Trust in judiciary at nadir but increasing, says AKP jurist official
Cansu Çamlıbel ISTANBUL
‘The suspension of such judges from the HSYK was a belated move. Today, there are Kemalist and Alevi judges in HSYK. This is an advantage for Turkey,’ says Osman Can, former Constitutional Court rapporteur. HÜRRİYET photo, Emre YUNUSOĞLUTrust in the judiciary is at its lowest level in Turkey today, but the country’s judicial body will be better in future after recent elections also resulted in leftist and Kemalist judges joining the body, according to a high-ranking ruling party member.
“The trust in the judiciary is at its lowest levels today. But, it is increasing. I trust it more than before with the recent elections in the HSYK [Supreme Council of Judges and Prosecutors] because at least there is a more open structure in which it is clear who is who. But the general structure is problematic,” Professor Osman Can told daily Hürriyet in an interview.
Can was appointed to the Constitutional Court as rapporteur in July 2002. In 2003, he founded the Turkish-German Forum for Public Law and became the coordinator of Turkey. In 2007, he was the rapporteur for the case of constitutional amendments, which ultimately resulted in the president being elected directly by the people. In 2008, he recommended the denial of the request in a case which demanded the closure of the ruling Justice and Development Party (AKP). Since September 2012, he has been serving as a member of the AKP’s Central Decision and Executive Board (MKYK).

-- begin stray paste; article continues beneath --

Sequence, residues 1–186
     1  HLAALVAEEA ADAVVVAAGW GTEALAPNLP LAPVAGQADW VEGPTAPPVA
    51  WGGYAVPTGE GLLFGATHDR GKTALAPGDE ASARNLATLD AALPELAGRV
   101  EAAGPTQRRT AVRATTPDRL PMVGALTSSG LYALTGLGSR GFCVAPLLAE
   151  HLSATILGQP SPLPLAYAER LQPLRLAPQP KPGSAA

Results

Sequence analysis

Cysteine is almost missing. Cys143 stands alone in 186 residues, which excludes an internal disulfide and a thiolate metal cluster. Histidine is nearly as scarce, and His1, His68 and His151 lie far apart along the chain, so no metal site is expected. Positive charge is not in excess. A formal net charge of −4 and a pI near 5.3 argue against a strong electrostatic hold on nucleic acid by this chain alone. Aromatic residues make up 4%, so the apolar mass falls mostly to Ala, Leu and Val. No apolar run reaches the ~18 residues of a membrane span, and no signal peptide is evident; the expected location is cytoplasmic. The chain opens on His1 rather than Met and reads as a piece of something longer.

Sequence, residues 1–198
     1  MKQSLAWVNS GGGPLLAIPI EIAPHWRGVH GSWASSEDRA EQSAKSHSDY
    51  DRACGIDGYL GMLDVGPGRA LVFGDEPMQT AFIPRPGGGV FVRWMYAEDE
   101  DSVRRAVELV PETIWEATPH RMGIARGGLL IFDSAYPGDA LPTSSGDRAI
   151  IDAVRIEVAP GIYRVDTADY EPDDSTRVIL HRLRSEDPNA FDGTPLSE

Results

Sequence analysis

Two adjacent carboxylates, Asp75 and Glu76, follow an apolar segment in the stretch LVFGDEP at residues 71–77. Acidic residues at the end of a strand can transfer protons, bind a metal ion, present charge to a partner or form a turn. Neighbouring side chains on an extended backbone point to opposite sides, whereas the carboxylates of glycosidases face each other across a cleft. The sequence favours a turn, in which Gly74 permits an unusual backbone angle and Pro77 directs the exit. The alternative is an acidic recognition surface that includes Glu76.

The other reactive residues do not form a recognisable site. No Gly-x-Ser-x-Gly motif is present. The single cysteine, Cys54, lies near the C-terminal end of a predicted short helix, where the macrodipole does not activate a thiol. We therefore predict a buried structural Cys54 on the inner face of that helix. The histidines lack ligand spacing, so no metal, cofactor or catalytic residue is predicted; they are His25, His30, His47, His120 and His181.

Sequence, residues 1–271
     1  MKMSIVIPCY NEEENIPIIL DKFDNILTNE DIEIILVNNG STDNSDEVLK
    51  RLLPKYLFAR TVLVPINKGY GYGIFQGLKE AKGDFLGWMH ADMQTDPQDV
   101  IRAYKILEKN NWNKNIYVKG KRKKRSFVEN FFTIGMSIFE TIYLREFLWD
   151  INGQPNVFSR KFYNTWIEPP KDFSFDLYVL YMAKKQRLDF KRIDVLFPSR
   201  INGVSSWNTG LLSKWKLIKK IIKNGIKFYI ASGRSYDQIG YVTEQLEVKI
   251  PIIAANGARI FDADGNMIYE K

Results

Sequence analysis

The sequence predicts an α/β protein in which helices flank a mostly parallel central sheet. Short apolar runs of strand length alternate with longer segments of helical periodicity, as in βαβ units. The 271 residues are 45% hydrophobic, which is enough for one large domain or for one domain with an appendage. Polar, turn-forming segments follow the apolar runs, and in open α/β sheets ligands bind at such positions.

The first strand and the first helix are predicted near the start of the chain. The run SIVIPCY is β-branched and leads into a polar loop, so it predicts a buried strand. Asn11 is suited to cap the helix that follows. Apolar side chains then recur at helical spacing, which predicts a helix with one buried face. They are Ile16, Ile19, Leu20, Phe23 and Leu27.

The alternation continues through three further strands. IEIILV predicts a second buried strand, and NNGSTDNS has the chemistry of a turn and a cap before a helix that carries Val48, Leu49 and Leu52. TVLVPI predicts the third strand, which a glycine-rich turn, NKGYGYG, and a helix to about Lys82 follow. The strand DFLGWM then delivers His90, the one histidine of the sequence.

Can defended the government’s much-debated decision to change the structure of the HSYK, saying some judges who were working according to instructions from a structure – a government euphemism for the Fethullah Gülen movement – should be removed from the HSYK and that this should be done within the framework of the rule of law
“The suspension of such judges from the HSYK was a belated move. Today, there are Kemalist [a term used for those who follow the ideas of the Mustafa Kemal Atatürk, the founder of the Turkish Republic] and Alevi [a person who follows what many describe as a liberal sect of Islam] judges in HSYK. This is an advantage for Turkey,” said Can.
Can said the increase of the number of the judges at the Supreme Court of Appeals and the Council of State were not because of the workload.
“Let’s be honest. The truth is that we had to remove the illegally gathered structure which was holding the will of the Supreme Court of Appeals in a secretive way. This is not a dictatorship, so we had to do it on constitutional grounds. You cannot say that ‘I am firing these judges.’ It is also impossible [to remove them] via the discipline process or by sending them to the Supreme Court, because all these ways are closed by the parallel structure,” said Can, referring to the Gülen movement. The government repeatedly has claimed that Gülenists have penetrated into critical posts within the state, judiciary and police force. Many people within these ranks were reshuffled last year due to their alleged ties with the Gülen movement.
“The only thing you could do is to increase the number of judges. You are in a battleground; different steps are taken. But, under normal circumstances, this is not normal. This should be taken as a transitional phenomenon,” said Can.